The language of the statute, i.e., “similar facilities,” invites interpretation by the agency. The legislature could have required the agency to consider actual experience at “other,” “any,” or “all” metal shredding facilities. But the use of the word “similar” requires the agency to determine which, if any, existing facilities were in fact similar to the proposed Kondirator for the purposes of an environmental review. The agency's decision that no similar facilities exist was not unreasonable. See Geo. A. Hormel, 428 N.W.2d at 50 (stating agency's interpretation of statutes it administers is entitled to deference); White, 567 N.W.2d at 730 (appellate courts will affirm agency on fact or technical judgments when the agency's decision is reasoned).
3. Cumulative Effects
Appellants contend that the MPCA failed to properly consider the cumulative effects of the potential contaminants of concern identified with the Kondirator project and the contaminants of concern already existing in soil surrounding the site. The Kondirator I court agreed with the appellants and remanded this issue to the MPCA for additional consideration. The court noted that the degree to which potential emissions of contaminants of concern into the air, soil, and water, “when cumulated with the existing contaminants in the surrounding air, soil, and water,” constituted a potential risk to human health that was not adequately addressed by the MPCA during the initial assessment.
Although the MPCA and AIS contend that the Kondirator I court erred in ordering the remand on this issue, they nonetheless did obtain additional information. AIS provided the MPCA with additional analysis from its consultant, Barr Engineering, and the MPCA commissioned a study by RUST/Earth Tech. Appellants contend that this new information is still insufficient because it does not include actual soil samples from the AIS property and other areas near the facility.
The MPCA's decision to issue a negative declaration in light of this alleged deficiency in the record was not contrary to law. The Kondirator legislation requires the MPCA to consider the “compatibility of the existing operation and proposed operation with other existing uses.” Minn.Stat. § 116G.151(c)(10). Additionally, Minn. R. 4410.1700, subp. 7(B), requires the MPCA to consider “cumulative potential effects of related or anticipated future projects” in determining whether potential significant environmental effects exist. The statute and rule do not go beyond this in setting forth exactly how the MPCA is to carry out these directives. Because of the deferential standard of review of an agency's technical decisions, we do not find the MPCA's decision not to order soil samples or conduct more geographically specific analysis to be arbitrary or capricious. See Geo. A. Hormel, 428 N.W.2d at 50; White, 567 N.W.2d at 730 (setting out standard of review).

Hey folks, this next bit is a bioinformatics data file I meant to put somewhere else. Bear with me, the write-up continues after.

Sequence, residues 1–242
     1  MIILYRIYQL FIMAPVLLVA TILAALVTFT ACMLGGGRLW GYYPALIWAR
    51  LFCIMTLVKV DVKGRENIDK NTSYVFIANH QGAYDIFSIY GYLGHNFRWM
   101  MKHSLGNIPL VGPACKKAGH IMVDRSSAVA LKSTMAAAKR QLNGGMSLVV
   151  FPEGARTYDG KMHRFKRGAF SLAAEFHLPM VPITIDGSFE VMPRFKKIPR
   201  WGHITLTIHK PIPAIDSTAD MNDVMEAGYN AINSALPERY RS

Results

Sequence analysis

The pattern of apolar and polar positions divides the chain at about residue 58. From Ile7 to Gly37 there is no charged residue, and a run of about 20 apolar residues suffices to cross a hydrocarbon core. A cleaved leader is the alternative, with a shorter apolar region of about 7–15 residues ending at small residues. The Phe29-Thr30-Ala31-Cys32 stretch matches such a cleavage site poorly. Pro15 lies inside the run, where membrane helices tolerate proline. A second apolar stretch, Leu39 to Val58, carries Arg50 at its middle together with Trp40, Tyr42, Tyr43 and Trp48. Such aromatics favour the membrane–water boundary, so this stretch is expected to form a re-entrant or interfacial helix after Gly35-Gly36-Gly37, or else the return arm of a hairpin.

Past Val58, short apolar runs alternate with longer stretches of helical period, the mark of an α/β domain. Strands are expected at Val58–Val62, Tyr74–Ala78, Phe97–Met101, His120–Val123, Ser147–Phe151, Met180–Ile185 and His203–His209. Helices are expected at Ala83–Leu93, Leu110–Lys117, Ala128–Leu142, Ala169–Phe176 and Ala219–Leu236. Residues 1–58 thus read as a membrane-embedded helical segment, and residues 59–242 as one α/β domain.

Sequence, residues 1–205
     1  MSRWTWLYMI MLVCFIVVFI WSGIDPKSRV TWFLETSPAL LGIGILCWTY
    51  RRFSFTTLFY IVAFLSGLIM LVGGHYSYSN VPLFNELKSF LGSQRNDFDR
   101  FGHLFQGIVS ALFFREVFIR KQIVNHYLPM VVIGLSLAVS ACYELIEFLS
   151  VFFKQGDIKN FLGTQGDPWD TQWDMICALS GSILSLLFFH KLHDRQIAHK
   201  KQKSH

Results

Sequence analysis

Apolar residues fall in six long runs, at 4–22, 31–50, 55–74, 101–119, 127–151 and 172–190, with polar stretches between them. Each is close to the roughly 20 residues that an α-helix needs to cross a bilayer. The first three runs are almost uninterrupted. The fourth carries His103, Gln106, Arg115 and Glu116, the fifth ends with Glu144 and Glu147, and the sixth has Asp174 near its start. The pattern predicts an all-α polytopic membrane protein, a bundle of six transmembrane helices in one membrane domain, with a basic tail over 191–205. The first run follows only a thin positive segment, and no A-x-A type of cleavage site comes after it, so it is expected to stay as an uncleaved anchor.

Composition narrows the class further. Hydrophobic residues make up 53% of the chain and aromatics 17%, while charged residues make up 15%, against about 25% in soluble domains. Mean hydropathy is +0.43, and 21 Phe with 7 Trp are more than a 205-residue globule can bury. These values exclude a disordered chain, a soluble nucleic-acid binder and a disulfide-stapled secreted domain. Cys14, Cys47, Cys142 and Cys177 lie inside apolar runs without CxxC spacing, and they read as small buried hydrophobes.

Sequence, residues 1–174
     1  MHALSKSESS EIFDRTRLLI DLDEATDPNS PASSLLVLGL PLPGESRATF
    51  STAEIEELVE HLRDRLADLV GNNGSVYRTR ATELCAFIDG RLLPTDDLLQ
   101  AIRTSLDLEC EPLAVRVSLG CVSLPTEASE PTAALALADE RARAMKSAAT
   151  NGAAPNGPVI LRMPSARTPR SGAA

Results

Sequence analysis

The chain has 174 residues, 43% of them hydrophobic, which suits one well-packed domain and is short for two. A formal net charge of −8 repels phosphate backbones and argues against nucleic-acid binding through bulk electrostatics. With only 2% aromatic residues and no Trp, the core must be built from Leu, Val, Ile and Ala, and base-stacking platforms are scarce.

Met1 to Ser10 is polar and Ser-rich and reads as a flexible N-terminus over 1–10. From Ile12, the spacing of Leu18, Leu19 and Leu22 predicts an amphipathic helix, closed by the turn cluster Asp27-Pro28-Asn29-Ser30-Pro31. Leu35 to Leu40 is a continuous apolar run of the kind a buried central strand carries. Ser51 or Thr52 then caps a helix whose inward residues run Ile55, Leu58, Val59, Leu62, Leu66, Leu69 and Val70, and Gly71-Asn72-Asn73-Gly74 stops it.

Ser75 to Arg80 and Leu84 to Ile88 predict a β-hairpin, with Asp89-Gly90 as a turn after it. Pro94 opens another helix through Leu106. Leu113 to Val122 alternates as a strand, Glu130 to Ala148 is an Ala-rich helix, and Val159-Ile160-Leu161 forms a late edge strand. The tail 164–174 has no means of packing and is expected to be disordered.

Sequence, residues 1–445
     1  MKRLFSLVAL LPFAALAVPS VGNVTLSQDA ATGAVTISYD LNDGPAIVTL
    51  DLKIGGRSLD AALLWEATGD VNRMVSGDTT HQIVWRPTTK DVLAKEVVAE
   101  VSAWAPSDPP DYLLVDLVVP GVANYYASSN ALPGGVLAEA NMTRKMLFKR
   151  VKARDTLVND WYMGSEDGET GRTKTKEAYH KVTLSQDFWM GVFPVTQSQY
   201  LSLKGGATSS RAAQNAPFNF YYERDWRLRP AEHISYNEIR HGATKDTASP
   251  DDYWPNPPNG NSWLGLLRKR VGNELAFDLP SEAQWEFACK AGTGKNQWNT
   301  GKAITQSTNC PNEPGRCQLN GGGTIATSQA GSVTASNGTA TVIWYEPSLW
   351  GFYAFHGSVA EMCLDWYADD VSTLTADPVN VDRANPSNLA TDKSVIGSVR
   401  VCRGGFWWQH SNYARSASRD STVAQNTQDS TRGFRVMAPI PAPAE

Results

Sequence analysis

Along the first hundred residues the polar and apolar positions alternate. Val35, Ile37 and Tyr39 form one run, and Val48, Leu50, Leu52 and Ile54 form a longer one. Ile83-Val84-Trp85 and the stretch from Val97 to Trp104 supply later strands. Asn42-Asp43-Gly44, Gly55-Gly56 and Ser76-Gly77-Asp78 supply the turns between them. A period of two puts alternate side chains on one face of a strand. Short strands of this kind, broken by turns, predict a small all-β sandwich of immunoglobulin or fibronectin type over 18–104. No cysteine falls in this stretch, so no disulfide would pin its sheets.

4. Use of Material Safety Data Sheets
Appellants challenge the MPCA's use of material safety data sheets in its risk assessment. The Kondirator I court affirmed the MPCA's decision to use the material safety data sheets information with one exception - the issue of feedstock coatings. The material safety data sheets do not include information about the coatings that may be on the feedstock. Appellants argue that fragmentation will occur during the shredding process and that coatings on the feedstock will be emitted from the Kondirator. The MPCA and ICF Kaiser, the toxicology consultant retained by the MPCA, examined this issue and determined that coating emissions do not have the potential for a significant environmental effect. See Minn.Stat. § 116G.151(g) (requiring the MPCA to “retain an expert in the field of toxicology who is capable of properly analyzing the potential effects and content of any airborne particulates, fugutive emissions, and dust that could be produced by a metal materials shredding project”).
AIS developed a feedstock control procedure to reduce the amount of coated materials it will shred. The vast majority of its feedstock is not coated, and most of the coated feedstock is non-toxic. Furthermore, to the extent that any coating fragmentation occurs, the MPCA determined that the fabric filter to be installed with the Kondirator would reduce or eliminate any emissions.
The MPCA did not act arbitrarily in concluding that coating particulate emissions do not pose a potential significant environmental effect because, even if coatings were occasionally emitted, the fabric filter would contain them. National Audubon Soc'y, 569 N.W.2d at 217 (noting agency properly considered specific mitigation measures in finding no significant environmental impact); Iron Rangers, 531 N.W.2d at 881 (noting it was not error for agency to consider specific mitigation measures of environmental effects in determining that an EIS is not required).